Wednesday, December 24, 2008

Coping with the cold

Outdoor workers share tips on how to stay warm in winter

Express Staff Writer

Shooting for a first of the New Year opening, Recreation Supervisor John Kearney lays down another layer of ice for the Atkinson Park rink. Kearney said he stays warm in his 10 p.m. to 4 a.m. winter shift by hauling hose around. Photo by Willy Cook

To some, it might seem an odd decision to take a month off from your full-time job, in the dead of winter, and spend that time toiling outside for nearly 12 hours a day, seven days a week. But that's exactly what Hailey resident Adam Swain has done for the past three years.

A foreman with Ketchum-based construction company Lee Gilman Builders, Swain takes a month-long sabbatical, starting right after Thanksgiving, to work at Mountain High Christmas Trees, located on the corner of Seventh Street and Warm Springs Road. In the lead-up to the holiday season, that lot is transformed into a festive forest of snow-covered Christmas trees, which warm hearts as they make their way into living rooms throughout the Wood River Valley.

Swain's hands are a different story.

Because the job requires him to frequently tie knots to secure trees to the tops of cars, Swain finds it impossible to wear gloves for large portions of the days, despite freezing temperatures. But the nature of the job, along with insulated Carhartt overalls, long underwear and two hooded sweatshirts, helps keep Swain warm, at least most of the time.

"We're constantly moving, either shoveling, hauling around trees or using a hacksaw to make trees shorter when people misjudge the height of their ceilings, which actually happens a lot," Swain said. "The problem is that when you're wearing 14 layers of clothes and really start sweating, you end up being cold for the rest of the day—especially if you're wearing cotton. That stuff will kill you."


Fortunately, sanctuary is nearby.

On a corner of the tree lot sits a teepee, in which a fire is constantly going, and if that fails there's always Lefty's Bar & Grill next door.

Down the road at Atkinson Park, John "The Iceman" Kearney doesn't have the luxury of heading to a warm pub at 2 a.m. when he's in the midst of spraying water on the field to create the public outdoor ice rink. The process takes up to a week, and has Kearney and fellow Ketchum Parks and Recreation Department staff members Kirk Mason and Jen Smith standing in below-freezing temperatures, fire hose in hand.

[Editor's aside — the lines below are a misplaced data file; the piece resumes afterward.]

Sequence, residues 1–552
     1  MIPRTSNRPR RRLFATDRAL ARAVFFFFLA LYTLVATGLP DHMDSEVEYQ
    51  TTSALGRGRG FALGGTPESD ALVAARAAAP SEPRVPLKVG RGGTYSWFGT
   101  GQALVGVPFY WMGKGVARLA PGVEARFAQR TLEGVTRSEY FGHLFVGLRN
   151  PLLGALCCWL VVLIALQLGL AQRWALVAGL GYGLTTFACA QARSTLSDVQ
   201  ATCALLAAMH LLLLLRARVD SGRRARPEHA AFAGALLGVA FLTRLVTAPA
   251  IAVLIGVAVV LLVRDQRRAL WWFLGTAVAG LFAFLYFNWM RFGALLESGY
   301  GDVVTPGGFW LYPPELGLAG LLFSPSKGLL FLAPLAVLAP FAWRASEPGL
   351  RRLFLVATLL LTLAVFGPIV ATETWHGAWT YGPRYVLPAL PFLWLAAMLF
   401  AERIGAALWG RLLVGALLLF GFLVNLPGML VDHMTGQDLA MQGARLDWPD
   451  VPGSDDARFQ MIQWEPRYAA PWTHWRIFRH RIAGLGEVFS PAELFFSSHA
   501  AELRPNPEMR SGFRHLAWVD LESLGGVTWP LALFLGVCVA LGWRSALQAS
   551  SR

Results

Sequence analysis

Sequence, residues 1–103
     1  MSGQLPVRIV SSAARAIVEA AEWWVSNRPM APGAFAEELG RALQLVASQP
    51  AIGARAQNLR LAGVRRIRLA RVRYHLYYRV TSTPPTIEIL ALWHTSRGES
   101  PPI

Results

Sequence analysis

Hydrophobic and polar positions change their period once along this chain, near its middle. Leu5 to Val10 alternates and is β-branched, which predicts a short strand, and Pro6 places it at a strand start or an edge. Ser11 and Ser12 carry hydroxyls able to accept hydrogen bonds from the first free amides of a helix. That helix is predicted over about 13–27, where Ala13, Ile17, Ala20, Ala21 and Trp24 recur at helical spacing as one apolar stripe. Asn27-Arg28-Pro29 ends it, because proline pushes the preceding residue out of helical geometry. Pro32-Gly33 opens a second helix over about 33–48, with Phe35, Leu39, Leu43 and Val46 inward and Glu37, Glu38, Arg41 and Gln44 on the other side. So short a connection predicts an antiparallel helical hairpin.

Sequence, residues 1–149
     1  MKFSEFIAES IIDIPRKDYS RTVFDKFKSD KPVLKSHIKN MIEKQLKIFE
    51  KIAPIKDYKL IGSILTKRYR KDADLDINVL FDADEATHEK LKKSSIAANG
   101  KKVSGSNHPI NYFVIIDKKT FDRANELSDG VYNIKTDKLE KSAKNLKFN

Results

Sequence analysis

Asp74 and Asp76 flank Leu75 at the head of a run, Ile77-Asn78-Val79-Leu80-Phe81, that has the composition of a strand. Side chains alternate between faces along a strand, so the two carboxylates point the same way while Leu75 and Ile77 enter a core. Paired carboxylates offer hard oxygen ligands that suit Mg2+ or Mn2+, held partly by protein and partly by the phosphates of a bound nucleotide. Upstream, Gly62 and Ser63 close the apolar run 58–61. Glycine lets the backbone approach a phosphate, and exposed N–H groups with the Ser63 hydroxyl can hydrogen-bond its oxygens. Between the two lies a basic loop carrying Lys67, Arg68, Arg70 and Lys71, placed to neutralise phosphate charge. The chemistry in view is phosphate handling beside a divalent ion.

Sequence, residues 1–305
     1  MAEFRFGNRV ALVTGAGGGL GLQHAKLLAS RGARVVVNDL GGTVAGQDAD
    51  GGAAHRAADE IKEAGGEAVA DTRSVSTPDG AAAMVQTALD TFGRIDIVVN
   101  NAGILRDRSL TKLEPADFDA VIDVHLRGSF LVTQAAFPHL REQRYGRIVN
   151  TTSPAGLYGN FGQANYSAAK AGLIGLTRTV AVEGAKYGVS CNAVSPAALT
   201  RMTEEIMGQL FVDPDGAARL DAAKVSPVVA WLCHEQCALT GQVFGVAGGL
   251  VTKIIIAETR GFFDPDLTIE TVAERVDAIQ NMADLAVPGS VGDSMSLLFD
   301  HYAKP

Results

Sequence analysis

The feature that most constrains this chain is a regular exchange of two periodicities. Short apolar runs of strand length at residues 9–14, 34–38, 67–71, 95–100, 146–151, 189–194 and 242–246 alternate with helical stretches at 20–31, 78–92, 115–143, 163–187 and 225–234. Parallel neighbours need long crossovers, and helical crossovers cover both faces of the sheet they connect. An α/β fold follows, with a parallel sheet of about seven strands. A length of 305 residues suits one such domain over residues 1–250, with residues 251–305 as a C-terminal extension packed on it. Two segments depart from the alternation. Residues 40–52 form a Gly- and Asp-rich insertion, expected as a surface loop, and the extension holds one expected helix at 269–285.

"It gets cold if the wind catches the spray and pushes it back towards your face," Kearney said. "The trick is to make sure your iPod is recharged so you don't have to think about it."

In addition to music, Kearney said a Gore-Tex suit, a Nepalese wool hat and waterproof gloves make the cold bearable, as does the 1953 Jeep that's been retrofitted as a Zamboni. Unlike a modern Zamboni, the Jeep, like a regular truck, has an enclosed cab in which the driver is protected from the elements; this is a very good thing, according to Kearney, when he's resurfacing the ice, with the sun long gone and snow blowing sideways.

Of course, few have access to a Zamboni to clear snow and have to rely on shovels.

"How do we stay warm? We just put on our gear and go to it," said Gunnar Whitehead, who founded Whitehead's Landscaping and Snow Removal in 1994. "We're always warm and sweating."

Whitehead said his crew of 32 employees dress similar to the way they would if they were going skiing, with plenty of layers and clothing that keeps the water away from the skin.

But it's the days without snow that Whitehead said are the most dangerous.

"When it's snowing, the temperature is often up around 30 degrees," he said. "But when it's clear and freezing, then you had better make sure to have your hat and gloves."

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